January 6 Protester Michael Curzio Pleads Guilty, Gets 6 Months In Custody, and Is Released
This is an "Instructive" Case on Some Procedural Issues
On Monday, protester Michael Curzio pled guilty to unlawfully “parading” inside the Capitol on January 6. That is a “petty” misdemeanor charge, punishable by no more than 6 months in custody.
He was released last week by U.S. District Court Judge Carl Nichols on the six-month mark since his arrest — he’s been detained pending trial — and he was sentenced today to “time served” since he had been in custody the maximum amount of time authorized by the statute.
There are several procedural issues involving Curzio’s case that are instructive on how some of the January 6 cases are being prosecuted, and the ways in which they are being handled differently than the long history of political protests in Washington DC.
First, the Criminal Complaint Affidavit filed by a Capitol Police Officer (not an FBI Agent) on January 7, 2021, reflects the unusual fact that Curzio was arrested by Capitol Police inside the building. The affidavit states that at approximately 3:00 p.m., Curzio and five others refused to comply with orders that they vacate the Capitol. All six were arrested, placed in handcuffs, and removed from the building.
As had long been the policy with all manner of civil disobedience and “protests” in Washington DC, Curzio and the others were issued “citations” and released by the Capitol Police. The following day the Capitol Police Officer signed the Affidavit in Support of a Criminal Complaint charging Curzio with four misdemeanors.
My good friend and collaborator Leslie McAdoo Gordon gave a detailed and thorough explanation on the ways the Biden Justice Department has changed policy on the handling of protest cases — at least as it relates to January 6 cases.
Curzio’s case could have been concluded in the exact manner described in Leslie’s piece — the same way protesters of the Kavanaugh Supreme Court confirmation was handled — by posting a “bond” and then forfeiting that bond as a “fine” by failing to appear in court to contest the citation.
Instead, the Biden Justice Department obtained a criminal complaint charging him with misdemeanors on January 7 before the “post and forfeit” process could play itself out.
I asked a few weeks ago on Twitter if anyone knew of a January 6 defendant who had been detained pending trial but was only charged with a misdemeanor. In my experience that would be more than just unusual — I’ve never heard of it before. No one came up with Curzio as such an example but he did fit the description in my question.
As it turns out, at the time of his arrest, Curzio had only been out of prison in Florida for two years, having served eight years on a conviction for “attempted murder.” Curzio is also a “certified” member of a Florida prison gang — the “Unforgiven.”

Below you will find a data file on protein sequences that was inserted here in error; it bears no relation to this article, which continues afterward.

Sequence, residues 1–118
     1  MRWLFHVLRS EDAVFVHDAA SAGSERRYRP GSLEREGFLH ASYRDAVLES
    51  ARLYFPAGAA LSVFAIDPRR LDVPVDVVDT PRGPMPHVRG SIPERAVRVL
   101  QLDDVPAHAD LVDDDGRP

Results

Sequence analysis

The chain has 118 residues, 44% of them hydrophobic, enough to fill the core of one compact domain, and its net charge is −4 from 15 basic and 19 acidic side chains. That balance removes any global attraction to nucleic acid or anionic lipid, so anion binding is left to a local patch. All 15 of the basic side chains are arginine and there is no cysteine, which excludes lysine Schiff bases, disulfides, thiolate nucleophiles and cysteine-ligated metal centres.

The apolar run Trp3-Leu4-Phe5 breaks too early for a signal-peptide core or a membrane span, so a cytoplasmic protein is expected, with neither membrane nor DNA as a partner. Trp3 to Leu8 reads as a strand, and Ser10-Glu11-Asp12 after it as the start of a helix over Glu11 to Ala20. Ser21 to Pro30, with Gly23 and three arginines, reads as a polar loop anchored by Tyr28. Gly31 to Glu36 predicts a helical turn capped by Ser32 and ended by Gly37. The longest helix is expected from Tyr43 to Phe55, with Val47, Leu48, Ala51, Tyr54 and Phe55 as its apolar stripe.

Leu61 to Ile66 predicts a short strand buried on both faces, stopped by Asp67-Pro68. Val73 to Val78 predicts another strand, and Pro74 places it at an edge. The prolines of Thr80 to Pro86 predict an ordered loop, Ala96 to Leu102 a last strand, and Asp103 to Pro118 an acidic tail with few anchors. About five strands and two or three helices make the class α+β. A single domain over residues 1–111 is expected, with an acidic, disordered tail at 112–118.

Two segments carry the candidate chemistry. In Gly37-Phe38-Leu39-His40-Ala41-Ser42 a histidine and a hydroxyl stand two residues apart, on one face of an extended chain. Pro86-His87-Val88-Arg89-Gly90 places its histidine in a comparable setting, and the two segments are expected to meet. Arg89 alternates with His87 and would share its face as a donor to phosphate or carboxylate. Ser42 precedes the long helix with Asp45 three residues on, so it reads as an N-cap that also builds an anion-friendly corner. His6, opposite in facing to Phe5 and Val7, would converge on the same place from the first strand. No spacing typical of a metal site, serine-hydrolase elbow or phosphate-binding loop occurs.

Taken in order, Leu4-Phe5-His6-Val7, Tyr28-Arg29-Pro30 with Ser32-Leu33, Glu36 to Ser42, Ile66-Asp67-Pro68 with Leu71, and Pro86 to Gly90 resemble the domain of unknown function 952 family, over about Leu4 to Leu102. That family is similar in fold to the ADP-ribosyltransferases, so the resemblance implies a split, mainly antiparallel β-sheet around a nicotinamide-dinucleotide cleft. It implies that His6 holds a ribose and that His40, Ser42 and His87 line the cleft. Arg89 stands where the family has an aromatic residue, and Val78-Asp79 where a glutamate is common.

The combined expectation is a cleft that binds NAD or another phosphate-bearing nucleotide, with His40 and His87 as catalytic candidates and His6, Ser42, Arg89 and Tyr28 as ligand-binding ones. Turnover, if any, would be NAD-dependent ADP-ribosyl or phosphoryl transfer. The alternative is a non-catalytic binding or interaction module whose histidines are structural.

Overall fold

“Unforgiven” is a neo-Nazi white supremacist Florida prison gang identified by tattooed Nazi insignias and imagery.
“SS”, Swastika, and an Iron Cross — they seem to have it all covered.
Since Curzio was not unfamiliar with the concept of “doing time,” after having been denied bail he likely decided based on the advice of his attorney to simply do six months, knowing that was the maximum he would do on the charges filed against him. When six months arrived, the government would have no choice but to charge him with something more serious or let him go. They let him go.
The fact that they allowed him to plead guilty to a petty misdemeanor and walk free after six months reflects that they had no video showing him doing anything beyond simply refusing to leave the Capitol when told to do so.
Once released after doing six months, he had no reason to “defend” against the charges filed so he pled guilty. I suspect he’s not too troubled by having another misdemeanor conviction on his record.
The outrage here isn’t so much with regard to Curzio. The government’s tactics forced him to serve his entire sentence before ever having to establish that he was guilty of having committed any crime. He lost his opportunity to meaningfully defend because he’s already served his sentence. Other than a “moral” victory that might come from an acquittal, there is nothing to be gained by going through with a trial in the District of Columbia.
The bigger outrage that opposition to the January 6 prosecutions should prepare themselves to express will take place when one or more defendants being detained pending trial end up pleading guilty and are given a sentence shorter than the time they will have spent detained. The sentencing judge will cover this up by simply sentencing them to “time served” without specifying that he/she would have sentenced the defendant to less time if the defendant had not been detained pending trial.
There are many non-violent felony offenses under federal law that end up with 0-6 month guideline ranges for defendants with no prior criminal record. Many of the January 6 defendants being detained have no prior criminal record. Depending on the precise charge they plead guilty to, and some of the sentencing variables that might apply to their individual cases, I expect there will be some with guideline range sentence recommendations of 0-6 months — after they have already spent more than six months in custody.
This will mean that some number of defendants will have been “too dangerous” to release pending trial, but not “too dangerous” to release immediately upon pleading guilty — like Curzio.